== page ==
This site is not maintained. Click here for the new website of Richard Dawkins.

← Origin Of Life On Earth: Simple Fusion To Jump-start Evolution

Origin Of Life On Earth: Simple Fusion To Jump-start Evolution - Comments

Uhtred's Avatar Comment 1 by Uhtred

We'll probably never know exactly just how life made the jump from inorganic to organic life, but the clues being provided by modern science seem to indicate that the hurdle may not have been as big as the creationists would like to think. I believe the same shall prove to be the case for consciousness.
Certainly the trend in scientific discovery would lead one to safely conclude that.

Tue, 23 Dec 2008 11:32:00 UTC | #291138

Virgil's Avatar Comment 2 by Virgil

I like to imagine science as a massive guillotine, with creationists frantically trying to stick objects to stop it's progress. Science may be moving somewhat slowly, but nothing can really stop its progress.

Tue, 23 Dec 2008 11:38:00 UTC | #291142

steve8282's Avatar Comment 3 by steve8282

I always thought of it as a series of tubes.

Tue, 23 Dec 2008 11:54:00 UTC | #291154

Skutter's Avatar Comment 4 by Skutter

Fantastic news!

Another gap closed.

Tue, 23 Dec 2008 12:12:00 UTC | #291165

Daedalus5's Avatar Comment 5 by Daedalus5

Win

Tue, 23 Dec 2008 12:15:00 UTC | #291167

mikey nails!'s Avatar Comment 6 by mikey nails!

This is the sort of research that creationists (or just everyday people, for that matter) do not even realize is being conducted. The whole time I read this, I kept hearing Ben Stein intoning, "lightning striking a mud puddle."

Tue, 23 Dec 2008 12:24:00 UTC | #291172

ridelo's Avatar Comment 7 by ridelo

And now finding a way to speed evolution up a billion times! Et voilà, Homo sapiens! Or something comparable but wiser than most of us.

Tue, 23 Dec 2008 12:31:00 UTC | #291175

Peacebeuponme's Avatar Comment 8 by Peacebeuponme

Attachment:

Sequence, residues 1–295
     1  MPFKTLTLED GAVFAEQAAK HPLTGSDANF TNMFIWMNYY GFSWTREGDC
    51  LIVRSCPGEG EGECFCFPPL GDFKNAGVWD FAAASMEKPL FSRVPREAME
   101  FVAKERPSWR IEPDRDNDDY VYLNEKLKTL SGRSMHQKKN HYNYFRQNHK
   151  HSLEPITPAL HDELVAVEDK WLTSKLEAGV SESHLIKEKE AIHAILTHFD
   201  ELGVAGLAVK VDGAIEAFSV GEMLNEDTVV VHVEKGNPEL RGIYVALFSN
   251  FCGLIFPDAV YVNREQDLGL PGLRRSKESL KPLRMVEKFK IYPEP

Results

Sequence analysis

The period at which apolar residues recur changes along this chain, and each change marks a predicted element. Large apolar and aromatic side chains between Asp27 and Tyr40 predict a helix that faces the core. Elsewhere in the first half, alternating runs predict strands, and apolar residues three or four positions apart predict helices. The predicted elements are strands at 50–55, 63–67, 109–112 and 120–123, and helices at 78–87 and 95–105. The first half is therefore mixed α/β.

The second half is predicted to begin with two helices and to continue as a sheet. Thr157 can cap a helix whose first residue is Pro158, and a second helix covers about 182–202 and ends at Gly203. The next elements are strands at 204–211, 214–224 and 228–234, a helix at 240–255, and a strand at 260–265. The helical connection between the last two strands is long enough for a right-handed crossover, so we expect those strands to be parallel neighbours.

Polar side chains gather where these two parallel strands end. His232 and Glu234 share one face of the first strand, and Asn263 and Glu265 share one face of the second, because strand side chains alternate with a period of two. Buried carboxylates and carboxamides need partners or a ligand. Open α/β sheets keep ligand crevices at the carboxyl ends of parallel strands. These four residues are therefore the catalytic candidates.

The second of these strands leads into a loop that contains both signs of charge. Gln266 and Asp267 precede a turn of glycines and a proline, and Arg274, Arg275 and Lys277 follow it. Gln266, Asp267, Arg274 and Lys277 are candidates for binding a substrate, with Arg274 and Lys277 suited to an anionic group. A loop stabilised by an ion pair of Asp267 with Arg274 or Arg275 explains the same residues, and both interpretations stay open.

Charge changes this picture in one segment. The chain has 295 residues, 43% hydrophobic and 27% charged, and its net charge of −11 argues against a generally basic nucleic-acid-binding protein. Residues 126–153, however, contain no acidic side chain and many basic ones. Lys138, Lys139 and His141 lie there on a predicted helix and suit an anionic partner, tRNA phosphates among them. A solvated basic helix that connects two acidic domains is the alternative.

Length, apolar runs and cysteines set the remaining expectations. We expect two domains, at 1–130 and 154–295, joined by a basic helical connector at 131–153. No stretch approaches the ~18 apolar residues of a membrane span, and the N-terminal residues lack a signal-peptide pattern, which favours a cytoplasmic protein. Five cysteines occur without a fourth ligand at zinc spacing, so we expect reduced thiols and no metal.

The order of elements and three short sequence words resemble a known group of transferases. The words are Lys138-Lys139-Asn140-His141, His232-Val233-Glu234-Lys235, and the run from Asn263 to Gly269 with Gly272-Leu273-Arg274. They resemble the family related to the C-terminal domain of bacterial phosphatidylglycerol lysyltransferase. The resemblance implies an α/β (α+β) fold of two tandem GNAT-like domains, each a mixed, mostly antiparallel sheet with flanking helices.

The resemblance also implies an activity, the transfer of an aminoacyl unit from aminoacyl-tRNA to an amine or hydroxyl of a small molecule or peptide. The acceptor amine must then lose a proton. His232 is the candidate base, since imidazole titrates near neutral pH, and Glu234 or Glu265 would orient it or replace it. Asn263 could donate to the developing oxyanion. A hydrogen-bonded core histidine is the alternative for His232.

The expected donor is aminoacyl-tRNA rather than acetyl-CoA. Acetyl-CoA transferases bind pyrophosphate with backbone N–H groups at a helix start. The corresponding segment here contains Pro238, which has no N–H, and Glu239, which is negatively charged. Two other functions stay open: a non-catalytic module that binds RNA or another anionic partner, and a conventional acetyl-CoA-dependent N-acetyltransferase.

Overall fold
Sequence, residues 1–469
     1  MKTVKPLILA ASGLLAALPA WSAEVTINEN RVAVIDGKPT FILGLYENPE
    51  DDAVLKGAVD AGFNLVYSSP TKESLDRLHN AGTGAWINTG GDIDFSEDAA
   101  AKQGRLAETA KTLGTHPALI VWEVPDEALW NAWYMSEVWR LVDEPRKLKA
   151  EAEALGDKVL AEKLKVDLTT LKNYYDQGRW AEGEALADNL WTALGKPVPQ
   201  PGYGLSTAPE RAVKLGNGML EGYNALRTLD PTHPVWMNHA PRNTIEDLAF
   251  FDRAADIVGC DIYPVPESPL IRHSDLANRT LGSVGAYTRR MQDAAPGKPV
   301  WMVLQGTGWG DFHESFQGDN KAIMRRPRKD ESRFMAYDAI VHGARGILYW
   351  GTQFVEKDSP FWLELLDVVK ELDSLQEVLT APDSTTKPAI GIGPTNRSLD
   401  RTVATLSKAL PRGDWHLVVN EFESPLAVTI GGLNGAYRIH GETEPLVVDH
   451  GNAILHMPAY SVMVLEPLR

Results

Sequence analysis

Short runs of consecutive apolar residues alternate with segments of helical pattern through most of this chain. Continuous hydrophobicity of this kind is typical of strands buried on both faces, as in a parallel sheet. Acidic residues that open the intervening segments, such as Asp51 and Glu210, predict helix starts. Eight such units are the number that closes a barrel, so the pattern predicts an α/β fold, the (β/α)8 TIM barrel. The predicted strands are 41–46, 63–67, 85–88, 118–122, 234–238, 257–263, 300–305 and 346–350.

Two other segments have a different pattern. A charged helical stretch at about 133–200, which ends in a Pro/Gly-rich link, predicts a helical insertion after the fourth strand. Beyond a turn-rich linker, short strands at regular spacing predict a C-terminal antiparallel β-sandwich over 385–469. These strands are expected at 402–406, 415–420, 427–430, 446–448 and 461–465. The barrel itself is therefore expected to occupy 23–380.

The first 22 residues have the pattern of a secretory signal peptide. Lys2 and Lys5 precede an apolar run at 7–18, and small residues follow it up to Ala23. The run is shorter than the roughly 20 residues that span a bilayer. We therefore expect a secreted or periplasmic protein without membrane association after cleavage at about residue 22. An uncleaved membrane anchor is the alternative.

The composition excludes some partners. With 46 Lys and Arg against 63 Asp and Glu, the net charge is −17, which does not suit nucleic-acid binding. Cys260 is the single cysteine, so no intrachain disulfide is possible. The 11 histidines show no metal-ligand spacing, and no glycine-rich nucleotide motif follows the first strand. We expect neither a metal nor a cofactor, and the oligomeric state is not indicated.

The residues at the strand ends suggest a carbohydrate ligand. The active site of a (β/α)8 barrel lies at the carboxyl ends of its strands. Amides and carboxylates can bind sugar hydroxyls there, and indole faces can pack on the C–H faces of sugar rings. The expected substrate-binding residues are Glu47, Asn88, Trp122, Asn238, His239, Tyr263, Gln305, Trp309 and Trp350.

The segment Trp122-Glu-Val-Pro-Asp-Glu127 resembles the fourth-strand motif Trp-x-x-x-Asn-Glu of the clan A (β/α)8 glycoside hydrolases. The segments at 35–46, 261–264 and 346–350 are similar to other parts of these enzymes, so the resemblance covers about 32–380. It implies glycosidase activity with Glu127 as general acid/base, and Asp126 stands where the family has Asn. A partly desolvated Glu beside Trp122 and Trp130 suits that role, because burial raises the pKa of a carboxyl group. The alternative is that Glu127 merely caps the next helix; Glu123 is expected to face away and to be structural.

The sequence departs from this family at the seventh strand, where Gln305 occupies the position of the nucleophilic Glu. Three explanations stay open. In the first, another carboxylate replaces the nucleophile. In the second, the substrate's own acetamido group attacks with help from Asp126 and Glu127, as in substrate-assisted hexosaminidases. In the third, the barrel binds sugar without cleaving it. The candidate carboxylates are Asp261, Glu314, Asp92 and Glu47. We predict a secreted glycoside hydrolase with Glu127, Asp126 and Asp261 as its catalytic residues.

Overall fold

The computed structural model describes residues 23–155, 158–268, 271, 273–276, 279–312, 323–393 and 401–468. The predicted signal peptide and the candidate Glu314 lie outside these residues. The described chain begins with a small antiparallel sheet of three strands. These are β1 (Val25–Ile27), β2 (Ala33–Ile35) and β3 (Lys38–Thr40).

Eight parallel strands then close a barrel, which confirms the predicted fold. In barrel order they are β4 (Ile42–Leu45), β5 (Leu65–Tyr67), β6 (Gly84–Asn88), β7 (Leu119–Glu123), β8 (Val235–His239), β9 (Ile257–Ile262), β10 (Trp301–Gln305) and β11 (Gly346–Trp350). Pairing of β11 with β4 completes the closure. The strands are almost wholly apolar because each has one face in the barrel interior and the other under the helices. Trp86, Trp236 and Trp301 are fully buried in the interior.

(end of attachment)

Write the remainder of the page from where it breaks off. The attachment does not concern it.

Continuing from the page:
daedalus - so where do you stand on Resistance 2'

Tue, 23 Dec 2008 12:34:00 UTC | #291177

Daedalus5's Avatar Comment 9 by Daedalus5

i take it your talking about the videogame, and i havent played it.

if you are referencing something else, it is unknown to me.

Tue, 23 Dec 2008 12:36:00 UTC | #291178

Peacebeuponme's Avatar Comment 10 by Peacebeuponme

I just wondered what gave you your name.

Tue, 23 Dec 2008 12:40:00 UTC | #291180

Daedalus5's Avatar Comment 11 by Daedalus5

Daedalus...the mythological creator of the labyrinth, and the first to fly (with his son icarus).

Tue, 23 Dec 2008 12:43:00 UTC | #291181

rod-the-farmer's Avatar Comment 12 by rod-the-farmer

Of course, they have been playing with this RNA business in multiple labs around the world, for a long time, and have they created life yet ? NOOOO. Therefore, goddidit.

/sarcasm off

Tue, 23 Dec 2008 12:46:00 UTC | #291182

Steve Zara's Avatar Comment 13 by Steve Zara

1. Comment #305627 by Uhtred

My view is that we need to stop thinking of the transition from "no-life" to "life" as anything really special. The "problem" with life is that it spreads and erases most traces of what has gone before. There really is no truly primitive life left on Earth - even the viruses and bacteria we see are the result of billions of years of evolution. So, we tend to think of life as complex. If we went back to the origin of life, we may have seen some polymers catalysing their own formation, and not even notice that "life" had begun.

My feeling is that the origin of life is not hard, and isn't that special.

Tue, 23 Dec 2008 12:47:00 UTC | #291183

Colwyn Abernathy's Avatar Comment 14 by Colwyn Abernathy

Wonderful! :) Now Cretinists...STFU already!

Tue, 23 Dec 2008 12:50:00 UTC | #291186

phil rimmer's Avatar Comment 15 by phil rimmer

These favourable conditions existed very early on in the Hadean Eon (4.4 to 3.8 billion years ago). Earth's "second atmosphere" during this time consisted of nitrogen and carbon dioxide at very high pressures and led to moderately acidic (pH 5.8), initially near boiling (but cooling) oceans.

It makes perfect sense that the environment for long RNA formation would pass through this "sweet spot".

But, of course, something like this happened. Whatever did we think? Godddidit?

People have to stop thinking they "know" the answers before we actually know the answers.

It stops us finding the answers. Self-serving, intellectual luddites!

Tue, 23 Dec 2008 12:57:00 UTC | #291187

decius's Avatar Comment 17 by decius

(acidic environment and temperature lower than 70 degrees Celsius)


These conditions are to be found nearby oceanic hydrotermal vents, among other places, lending credibility to a hypothesis for submarine abiogenesis formulated when they were first discovered. Vent fluids can be very acidic, with a pH sometimes inferior to 3.

Tue, 23 Dec 2008 13:11:00 UTC | #291190

phil rimmer's Avatar Comment 16 by phil rimmer

Comment #305674 by Steve Zara

My view is that we need to stop thinking of the transition from "no-life" to "life" as anything really special.


Exactly!